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Saving your lungs from wildfire smoke | Health Beat with Brea Love

When the air quality gets poor, people could experience symptoms signaling unsafe air.

SACRAMENTO, Calif. — When the air quality gets poor, we could all experience symptoms signaling unsafe air.

People who are high-risk, like children, the elderly and those with heart and lung disease, will feel it first. Typically, symptoms include shortness of breath and a runny nose.

If you start to feel these symptoms, it's time to get inside and out of the bad air.

“Nobody wants to be inside now that we’re coming out of the pandemic, but unfortunately when wildfire smoke gets that bad in the area, you need to avoid it,” Dr. Nick Kenyon with UC Davis Health said. "We have to stay indoors, we have to close the windows and run our air conditioning and avoid being outside and doing the things we like to do.”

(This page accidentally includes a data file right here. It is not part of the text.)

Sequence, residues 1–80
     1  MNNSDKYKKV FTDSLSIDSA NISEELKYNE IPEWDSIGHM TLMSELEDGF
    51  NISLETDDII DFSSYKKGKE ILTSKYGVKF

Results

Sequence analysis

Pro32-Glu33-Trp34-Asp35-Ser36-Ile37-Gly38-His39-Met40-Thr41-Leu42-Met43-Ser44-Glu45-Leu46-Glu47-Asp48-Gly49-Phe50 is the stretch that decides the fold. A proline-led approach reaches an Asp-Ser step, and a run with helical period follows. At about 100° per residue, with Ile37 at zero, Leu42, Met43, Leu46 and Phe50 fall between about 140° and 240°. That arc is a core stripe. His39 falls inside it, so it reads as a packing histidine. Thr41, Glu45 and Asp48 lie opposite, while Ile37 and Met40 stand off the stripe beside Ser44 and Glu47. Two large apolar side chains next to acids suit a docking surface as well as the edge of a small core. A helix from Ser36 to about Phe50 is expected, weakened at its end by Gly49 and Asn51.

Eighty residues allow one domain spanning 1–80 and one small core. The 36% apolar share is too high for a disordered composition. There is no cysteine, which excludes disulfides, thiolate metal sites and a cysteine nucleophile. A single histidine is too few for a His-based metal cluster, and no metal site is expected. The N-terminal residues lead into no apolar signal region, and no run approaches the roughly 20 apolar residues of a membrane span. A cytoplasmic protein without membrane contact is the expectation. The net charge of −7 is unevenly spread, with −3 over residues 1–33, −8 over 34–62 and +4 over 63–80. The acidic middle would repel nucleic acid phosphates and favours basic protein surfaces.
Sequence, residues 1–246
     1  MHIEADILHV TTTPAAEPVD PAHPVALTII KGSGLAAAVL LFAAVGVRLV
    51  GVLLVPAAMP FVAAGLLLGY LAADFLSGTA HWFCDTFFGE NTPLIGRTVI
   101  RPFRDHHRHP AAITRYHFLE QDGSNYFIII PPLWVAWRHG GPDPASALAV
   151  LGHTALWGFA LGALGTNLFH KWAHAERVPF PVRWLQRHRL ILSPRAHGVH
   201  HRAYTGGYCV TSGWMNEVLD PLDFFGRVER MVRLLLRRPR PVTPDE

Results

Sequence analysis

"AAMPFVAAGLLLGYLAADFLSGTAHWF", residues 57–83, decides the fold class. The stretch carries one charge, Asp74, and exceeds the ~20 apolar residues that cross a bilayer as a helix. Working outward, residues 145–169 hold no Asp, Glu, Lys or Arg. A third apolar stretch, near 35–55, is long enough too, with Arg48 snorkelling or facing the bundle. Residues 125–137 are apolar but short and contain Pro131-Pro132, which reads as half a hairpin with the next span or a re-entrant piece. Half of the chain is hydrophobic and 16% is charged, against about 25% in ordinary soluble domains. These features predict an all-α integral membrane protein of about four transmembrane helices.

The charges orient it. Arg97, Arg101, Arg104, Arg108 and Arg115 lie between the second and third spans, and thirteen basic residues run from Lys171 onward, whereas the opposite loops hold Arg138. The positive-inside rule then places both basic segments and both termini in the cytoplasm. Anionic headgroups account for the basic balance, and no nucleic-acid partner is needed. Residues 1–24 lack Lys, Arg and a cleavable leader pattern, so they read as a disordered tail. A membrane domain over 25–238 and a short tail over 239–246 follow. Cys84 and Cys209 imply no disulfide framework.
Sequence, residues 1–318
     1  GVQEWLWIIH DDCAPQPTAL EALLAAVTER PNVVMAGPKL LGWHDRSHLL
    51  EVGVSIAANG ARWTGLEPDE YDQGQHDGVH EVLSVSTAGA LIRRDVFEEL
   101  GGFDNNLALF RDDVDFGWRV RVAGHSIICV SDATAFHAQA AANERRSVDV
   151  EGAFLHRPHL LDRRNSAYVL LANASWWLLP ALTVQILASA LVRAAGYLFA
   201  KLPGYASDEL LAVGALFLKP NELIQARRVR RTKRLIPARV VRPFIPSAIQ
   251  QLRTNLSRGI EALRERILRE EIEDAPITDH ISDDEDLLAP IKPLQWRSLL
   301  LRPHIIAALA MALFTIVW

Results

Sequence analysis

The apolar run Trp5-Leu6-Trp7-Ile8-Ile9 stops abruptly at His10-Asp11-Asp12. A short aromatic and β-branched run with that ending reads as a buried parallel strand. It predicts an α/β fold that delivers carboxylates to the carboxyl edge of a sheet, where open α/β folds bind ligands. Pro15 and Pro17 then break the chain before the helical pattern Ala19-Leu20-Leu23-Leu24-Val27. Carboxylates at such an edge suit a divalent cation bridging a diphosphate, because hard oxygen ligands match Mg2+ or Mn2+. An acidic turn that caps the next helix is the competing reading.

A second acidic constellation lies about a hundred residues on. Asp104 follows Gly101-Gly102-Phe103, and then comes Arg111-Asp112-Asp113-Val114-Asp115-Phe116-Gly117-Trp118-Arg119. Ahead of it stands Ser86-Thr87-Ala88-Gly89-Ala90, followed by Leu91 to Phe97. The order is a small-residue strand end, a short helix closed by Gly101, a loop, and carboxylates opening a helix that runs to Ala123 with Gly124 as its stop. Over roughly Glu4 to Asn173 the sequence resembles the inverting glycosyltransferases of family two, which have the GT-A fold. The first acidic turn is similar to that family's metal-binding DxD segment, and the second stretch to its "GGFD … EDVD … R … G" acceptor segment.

Staying inside to avoid the poor-quality air will mean no outdoor exercise for people. Kenyon said that if people must go outside, using an N-95 mask is the safest option.

He said since 2017 he’s seen more and more patients complaining about these types symptoms, and that it's really picked up in the last three years. Dr. Kenyon said experts will have to study the long-term effects of smoke on people and the lungs since we’re getting more and more exposed to it summer after summer as wildfire season gets worse.

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